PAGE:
Money donated to the veterans organization at Central Community College helps keep students and their families on track toward a successful future.
Emergency funds maintained by the Student Veterans Association help student veterans and their families get through the rough times, said Michael Rothe, president of the Grand Island Chapter of CCC’s Student Veterans Association.
A car might break down or run out of gas. The veteran and his family could need food. For the latter need, the Student Veterans Association operates a food pantry.
Veterans tend to sacrifice for the sake of their families, said Travis Karr, Veterans and Military Services director for all of the CCC campuses.
The vets will often quit school to get a job to “provide income because of those emergency situations,” Karr said.
The emergency funds will help them stay in school and keep their careers on the right path, he said.
So a $1,000 donation to the Student Veterans Association Thursday was much appreciated, Rothe and Karr said.
The money came from the Business Coalition for Veterans, raised at the Husker Party in the Park for Veterans II Sept. 7 at Grace Abbott Park.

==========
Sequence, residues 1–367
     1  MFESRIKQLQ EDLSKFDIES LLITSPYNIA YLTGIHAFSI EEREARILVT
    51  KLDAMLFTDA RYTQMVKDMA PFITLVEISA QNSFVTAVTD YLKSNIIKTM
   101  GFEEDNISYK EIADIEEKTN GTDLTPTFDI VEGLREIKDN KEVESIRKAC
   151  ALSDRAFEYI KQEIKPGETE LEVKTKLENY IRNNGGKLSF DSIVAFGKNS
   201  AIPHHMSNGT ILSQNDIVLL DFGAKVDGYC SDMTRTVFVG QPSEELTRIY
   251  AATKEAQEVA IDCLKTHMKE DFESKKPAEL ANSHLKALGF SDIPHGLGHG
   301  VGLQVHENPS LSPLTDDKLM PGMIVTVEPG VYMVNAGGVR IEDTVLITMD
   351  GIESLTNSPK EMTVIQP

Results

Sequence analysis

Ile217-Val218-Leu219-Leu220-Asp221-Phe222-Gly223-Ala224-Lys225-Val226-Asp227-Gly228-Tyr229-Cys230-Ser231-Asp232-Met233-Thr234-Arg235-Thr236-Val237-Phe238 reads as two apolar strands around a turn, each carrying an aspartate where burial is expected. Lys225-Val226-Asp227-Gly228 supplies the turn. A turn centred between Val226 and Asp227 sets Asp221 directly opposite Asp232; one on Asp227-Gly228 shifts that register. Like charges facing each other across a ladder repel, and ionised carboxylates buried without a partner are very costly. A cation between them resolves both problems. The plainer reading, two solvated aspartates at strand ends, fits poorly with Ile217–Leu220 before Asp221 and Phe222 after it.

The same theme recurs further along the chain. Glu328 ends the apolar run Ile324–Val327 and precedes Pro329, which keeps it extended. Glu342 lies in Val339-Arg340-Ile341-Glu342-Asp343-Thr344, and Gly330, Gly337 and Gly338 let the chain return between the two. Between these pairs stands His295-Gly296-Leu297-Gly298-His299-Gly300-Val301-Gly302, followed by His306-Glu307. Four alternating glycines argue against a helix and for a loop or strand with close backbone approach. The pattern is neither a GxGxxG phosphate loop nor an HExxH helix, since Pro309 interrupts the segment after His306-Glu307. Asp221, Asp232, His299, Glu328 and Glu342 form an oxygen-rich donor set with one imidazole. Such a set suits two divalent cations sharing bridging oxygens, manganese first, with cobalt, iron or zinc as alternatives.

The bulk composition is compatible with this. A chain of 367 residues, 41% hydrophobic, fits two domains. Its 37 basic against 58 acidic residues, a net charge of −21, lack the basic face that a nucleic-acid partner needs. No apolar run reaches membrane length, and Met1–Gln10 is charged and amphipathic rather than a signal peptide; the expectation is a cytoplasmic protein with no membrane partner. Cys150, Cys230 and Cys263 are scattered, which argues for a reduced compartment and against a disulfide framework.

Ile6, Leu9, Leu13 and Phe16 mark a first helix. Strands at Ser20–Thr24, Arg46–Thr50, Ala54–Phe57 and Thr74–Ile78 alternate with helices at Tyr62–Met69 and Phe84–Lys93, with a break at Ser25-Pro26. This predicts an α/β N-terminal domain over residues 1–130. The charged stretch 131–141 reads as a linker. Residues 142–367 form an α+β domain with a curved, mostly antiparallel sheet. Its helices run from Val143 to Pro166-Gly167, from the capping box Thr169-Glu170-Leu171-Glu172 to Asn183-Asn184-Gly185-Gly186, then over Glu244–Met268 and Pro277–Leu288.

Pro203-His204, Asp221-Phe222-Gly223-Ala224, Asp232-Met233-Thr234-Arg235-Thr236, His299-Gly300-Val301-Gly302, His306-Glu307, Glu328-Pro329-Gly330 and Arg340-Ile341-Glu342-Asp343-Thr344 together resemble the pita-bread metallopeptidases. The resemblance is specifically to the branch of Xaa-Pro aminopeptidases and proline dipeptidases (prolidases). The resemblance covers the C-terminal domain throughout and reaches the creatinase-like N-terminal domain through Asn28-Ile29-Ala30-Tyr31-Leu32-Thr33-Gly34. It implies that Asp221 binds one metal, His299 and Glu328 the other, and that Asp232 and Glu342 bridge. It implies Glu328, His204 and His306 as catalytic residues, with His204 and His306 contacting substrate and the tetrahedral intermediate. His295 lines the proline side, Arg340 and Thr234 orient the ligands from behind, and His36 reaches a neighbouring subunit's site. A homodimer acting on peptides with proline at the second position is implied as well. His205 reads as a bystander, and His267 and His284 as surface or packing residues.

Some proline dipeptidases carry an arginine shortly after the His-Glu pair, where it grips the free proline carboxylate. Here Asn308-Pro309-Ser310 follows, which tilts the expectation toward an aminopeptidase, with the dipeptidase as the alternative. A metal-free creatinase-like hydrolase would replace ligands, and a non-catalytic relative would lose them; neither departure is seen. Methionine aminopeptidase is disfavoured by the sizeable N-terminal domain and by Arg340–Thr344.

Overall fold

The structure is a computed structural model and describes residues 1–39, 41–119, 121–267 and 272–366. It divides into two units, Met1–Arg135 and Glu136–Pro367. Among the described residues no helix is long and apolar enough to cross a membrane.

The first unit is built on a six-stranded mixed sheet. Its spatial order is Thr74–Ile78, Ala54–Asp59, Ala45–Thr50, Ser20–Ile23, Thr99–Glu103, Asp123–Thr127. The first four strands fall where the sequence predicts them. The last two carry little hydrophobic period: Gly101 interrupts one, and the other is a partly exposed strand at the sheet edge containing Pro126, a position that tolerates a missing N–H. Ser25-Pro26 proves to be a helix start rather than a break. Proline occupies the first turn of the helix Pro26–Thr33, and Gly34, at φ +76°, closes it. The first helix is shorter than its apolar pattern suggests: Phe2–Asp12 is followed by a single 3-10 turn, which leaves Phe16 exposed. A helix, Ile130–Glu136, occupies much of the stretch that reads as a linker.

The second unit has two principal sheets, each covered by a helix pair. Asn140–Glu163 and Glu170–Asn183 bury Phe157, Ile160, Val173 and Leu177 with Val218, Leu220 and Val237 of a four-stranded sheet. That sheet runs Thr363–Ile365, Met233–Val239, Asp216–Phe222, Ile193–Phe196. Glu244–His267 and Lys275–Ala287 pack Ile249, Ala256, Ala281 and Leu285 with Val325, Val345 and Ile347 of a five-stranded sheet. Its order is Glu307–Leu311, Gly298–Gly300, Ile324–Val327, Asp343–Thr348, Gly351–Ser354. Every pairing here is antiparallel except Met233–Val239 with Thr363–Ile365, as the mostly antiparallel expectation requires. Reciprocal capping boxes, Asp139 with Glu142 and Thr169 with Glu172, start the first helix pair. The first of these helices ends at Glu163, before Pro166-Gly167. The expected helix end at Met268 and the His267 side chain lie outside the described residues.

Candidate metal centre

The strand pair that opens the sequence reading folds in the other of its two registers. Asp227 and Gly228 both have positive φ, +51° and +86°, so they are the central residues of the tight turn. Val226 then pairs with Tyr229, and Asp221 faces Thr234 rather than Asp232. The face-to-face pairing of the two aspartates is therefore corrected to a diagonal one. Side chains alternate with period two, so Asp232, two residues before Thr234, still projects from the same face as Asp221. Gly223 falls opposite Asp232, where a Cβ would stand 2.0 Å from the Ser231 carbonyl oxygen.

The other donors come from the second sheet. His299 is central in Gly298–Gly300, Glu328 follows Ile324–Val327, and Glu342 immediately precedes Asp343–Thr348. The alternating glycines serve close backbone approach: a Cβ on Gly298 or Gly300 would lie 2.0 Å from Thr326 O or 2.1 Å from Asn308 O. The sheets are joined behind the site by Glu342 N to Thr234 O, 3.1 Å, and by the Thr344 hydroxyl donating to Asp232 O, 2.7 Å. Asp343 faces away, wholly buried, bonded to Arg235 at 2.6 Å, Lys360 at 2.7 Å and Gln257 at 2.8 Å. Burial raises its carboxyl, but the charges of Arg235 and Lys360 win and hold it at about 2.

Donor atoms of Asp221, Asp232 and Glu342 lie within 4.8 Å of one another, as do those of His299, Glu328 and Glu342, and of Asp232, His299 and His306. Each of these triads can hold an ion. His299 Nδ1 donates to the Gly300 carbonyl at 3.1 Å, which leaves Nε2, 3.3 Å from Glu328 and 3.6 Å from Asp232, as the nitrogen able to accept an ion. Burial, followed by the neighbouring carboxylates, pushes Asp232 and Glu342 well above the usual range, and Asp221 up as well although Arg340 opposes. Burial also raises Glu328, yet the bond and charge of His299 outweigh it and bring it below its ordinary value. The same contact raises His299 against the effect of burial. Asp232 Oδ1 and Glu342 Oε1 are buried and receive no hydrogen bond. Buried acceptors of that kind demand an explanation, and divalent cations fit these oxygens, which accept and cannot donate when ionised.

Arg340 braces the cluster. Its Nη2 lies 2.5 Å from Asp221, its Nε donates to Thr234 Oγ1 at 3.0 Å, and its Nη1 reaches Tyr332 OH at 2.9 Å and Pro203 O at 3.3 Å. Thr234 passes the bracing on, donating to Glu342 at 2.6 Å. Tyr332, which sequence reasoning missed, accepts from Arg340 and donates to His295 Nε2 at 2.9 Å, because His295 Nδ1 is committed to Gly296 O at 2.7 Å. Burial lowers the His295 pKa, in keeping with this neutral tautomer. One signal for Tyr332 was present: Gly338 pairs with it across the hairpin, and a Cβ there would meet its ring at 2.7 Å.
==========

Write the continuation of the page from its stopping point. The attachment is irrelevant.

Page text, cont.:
Chef Anthony Brando, who founded the Business Coalition for Veterans, was on hand for the donation. Also representing the organization were Dave Lopez, Carol Schooley, Ginny Bartunek and Derek Apfel. The latter represented Apfel Funeral Home, which is a sponsor of the Business Coalition for Veterans.
Lopez, 64, was in the Marines from 1973 to 1977.
“I’m proud to be a Marine,” said the Grand Island native. The Marines taught him the importance of leadership, diversity, integrity and honesty.
The Student Veterans Association holds events of its own to raise money for the club, Rothe said.
The organization’s secondary mission is to battle a stigma that sometimes divides civilians and veterans. The group wants people to realize “that we’re approachable people and that they can come and talk to us” and have a good relationship, he said.
Rothe, who was in the Army for eight and a half years, was accompanied by Bailey, his service dog.
Also on hand were Keith Tinnell, the organization’s vice president, as well as Shannon Fesuluai and Matthew Slatter.
About 90 veterans attend CCC, Rothe said. Forty to 50 of them belong to the Student Veterans Association.
The gathering also included Melissa DeLaet of the Greater Grand Island Community Foundation and Jaycee Carroll, who is the administrative assistant in CCC’s Veterans and Military Services office.